Success Case: CFD analysis in movable hood

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As computational power has advanced over the years, a new methodology for solving engineering problems has emerged. Better known as CFD, the Computational Fluid Dynamics is a powerful tool responsible for helping to solve countless challenges in the fluid mechanics and heat transfer disciplines. This article shows in detail the work done by KOT’s team in the study of a movable hood of a dedusting system of a converter.

Introduction

A steel industry wanted to make changes to the geometry of the movable hood of the converter’s dedusting system. Before implementing the modification, the company requested a comparative study between the asset’s constructions to act more assertively.

The equipment in study is composed of sets of pipes with internal water flow for cooling the gases coming from the converter. By using CFD, the study evaluated the cooling behavior and temperature distribution on the wall of the objects and inside the pipe circuit by the water flow.

Modeling the structure

The new proposed geometry was modeled in finite volumes using a specific software. As the proposed pipe sets are symmetrical to each other, 2 sets were prepared, as these are enough for the simulation. Besides presenting satisfactory performance, this also reduces the costs required for the computational processing of the analysis.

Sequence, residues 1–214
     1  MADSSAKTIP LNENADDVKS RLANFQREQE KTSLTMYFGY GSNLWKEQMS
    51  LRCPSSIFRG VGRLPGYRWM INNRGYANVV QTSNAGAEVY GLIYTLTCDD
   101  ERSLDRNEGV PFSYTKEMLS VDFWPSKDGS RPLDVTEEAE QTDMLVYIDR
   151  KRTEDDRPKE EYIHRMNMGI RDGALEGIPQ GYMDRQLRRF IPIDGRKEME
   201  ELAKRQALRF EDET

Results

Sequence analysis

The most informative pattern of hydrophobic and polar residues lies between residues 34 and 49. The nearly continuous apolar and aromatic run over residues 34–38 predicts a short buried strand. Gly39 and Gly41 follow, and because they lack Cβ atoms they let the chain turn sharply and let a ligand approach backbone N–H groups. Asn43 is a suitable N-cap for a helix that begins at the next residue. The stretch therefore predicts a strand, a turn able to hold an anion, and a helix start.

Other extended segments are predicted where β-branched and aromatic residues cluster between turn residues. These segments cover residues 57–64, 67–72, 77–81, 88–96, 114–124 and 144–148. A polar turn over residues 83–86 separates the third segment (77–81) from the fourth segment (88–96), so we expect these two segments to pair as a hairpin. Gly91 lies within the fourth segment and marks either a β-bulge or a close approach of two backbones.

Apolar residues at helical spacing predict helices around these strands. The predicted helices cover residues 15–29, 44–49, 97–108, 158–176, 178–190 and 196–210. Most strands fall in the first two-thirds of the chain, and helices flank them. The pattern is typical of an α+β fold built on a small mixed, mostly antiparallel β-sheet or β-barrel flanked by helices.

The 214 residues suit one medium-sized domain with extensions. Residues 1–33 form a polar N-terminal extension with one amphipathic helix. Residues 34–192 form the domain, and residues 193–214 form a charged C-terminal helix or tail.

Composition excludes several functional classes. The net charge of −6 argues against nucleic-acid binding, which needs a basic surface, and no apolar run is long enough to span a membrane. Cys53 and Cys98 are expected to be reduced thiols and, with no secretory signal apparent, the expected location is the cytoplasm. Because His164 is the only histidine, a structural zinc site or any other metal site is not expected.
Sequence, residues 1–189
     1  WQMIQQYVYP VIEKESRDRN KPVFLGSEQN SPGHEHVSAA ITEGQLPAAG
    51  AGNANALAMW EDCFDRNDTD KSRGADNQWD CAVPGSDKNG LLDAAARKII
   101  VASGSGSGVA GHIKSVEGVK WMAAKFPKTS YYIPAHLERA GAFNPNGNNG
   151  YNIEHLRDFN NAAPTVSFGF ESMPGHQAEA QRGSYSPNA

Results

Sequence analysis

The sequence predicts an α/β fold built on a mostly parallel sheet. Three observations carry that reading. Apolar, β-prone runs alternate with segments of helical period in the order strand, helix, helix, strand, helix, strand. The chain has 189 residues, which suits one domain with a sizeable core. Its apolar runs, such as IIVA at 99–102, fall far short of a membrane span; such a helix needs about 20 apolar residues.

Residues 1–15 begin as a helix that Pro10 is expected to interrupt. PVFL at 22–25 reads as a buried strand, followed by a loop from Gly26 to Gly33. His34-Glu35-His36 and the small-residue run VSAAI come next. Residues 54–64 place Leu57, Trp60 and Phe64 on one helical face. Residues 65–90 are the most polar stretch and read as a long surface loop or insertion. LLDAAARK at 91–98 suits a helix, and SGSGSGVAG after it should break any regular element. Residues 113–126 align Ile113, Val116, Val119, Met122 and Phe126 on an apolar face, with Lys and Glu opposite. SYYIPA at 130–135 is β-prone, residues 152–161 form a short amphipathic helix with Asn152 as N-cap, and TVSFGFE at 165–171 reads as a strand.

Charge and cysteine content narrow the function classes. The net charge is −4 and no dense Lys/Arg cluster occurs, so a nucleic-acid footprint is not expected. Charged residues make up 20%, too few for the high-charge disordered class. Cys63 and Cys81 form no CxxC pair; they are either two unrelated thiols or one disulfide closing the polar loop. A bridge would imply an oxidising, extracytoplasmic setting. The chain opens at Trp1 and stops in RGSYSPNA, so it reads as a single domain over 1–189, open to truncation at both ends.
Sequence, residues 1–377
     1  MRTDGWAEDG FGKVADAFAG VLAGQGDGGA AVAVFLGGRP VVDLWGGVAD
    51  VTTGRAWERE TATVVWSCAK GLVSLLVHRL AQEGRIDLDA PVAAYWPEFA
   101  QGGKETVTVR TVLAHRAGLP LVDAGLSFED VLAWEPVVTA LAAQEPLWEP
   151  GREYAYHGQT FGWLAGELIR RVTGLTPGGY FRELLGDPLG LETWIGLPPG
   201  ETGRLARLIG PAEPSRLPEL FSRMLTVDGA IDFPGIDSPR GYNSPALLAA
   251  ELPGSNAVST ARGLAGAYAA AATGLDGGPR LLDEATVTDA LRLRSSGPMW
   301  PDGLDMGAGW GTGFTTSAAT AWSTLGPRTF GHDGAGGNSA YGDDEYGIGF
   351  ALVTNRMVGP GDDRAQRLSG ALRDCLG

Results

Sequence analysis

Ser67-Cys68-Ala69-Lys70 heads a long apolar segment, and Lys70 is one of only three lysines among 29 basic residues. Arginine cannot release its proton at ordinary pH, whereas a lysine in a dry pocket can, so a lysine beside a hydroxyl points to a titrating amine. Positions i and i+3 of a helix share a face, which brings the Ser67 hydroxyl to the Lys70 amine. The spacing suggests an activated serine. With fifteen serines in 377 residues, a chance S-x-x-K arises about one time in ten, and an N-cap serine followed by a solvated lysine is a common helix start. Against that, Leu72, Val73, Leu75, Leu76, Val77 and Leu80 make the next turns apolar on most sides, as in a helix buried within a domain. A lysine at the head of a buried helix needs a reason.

The central pipe of the set  was modeled completely and one half of another pipe at each end, thus it was possible to achieve symmetry in the temperature distribution in the structure. For an easier visualization, see Figure 1, which illustrates the model of one of the groups produced. 

Figure 1: Finite volume model of the central set of the proposed movable hood geometry. [1]

Boundary conditions

Some of the boundary conditions considered in the analysis are shown in Figures 2 and 3.

Figure 2: Boundary condition of the cooling water inlet and outlet in the system. [1]
Figure 3: Boundary condition of inlet and outlet gas from the converter in the system. [1]

Besides those presented, other boundary conditions such as water convection, convection and radiation of the gas and ambient air, contact region of the structures, among others were also considered.

Results

The CFD analyses performed made it possible to verify the temperature distribution along the movable hood structure, as shown in Figure 4, and in the three fluids: converter gas, cooling fluid and ambient air. In addition, the pressure distribution of the cooling fluid along the piping was obtained.

Figure 4: Temperature distribution along the pipe structure.

The average temperature values found in the pipes of the movable hood and in the cooling water can be seen in Figure 5.

Figure 5: Temperature values found in the pipes of the movable hood. [1]

After analyzing the results, it was found that there was a tendency for the temperatures to increase after the change in the movable hood. This fact could lead to a worsening of the operational conditions of the structure. With this in mind, it was proposed to increase the total flow rate of the cooling system and the simulations were performed again with this new condition.